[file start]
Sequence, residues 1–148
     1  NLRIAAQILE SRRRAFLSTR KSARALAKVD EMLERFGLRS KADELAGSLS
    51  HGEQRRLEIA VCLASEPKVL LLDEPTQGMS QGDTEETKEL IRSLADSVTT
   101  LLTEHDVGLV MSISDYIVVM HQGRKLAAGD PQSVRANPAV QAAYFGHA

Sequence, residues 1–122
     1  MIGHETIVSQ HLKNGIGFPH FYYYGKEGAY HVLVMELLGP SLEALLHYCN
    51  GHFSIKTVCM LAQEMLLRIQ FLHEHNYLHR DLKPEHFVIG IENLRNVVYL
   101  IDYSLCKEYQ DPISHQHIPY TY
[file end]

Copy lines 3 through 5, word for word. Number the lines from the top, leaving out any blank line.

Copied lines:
    51  HGEQRRLEIA VCLASEPKVL LLDEPTQGMS QGDTEETKEL IRSLADSVTT
   101  LLTEHDVGLV MSISDYIVVM HQGRKLAAGD PQSVRANPAV QAAYFGHA

Sequence, residues 1–122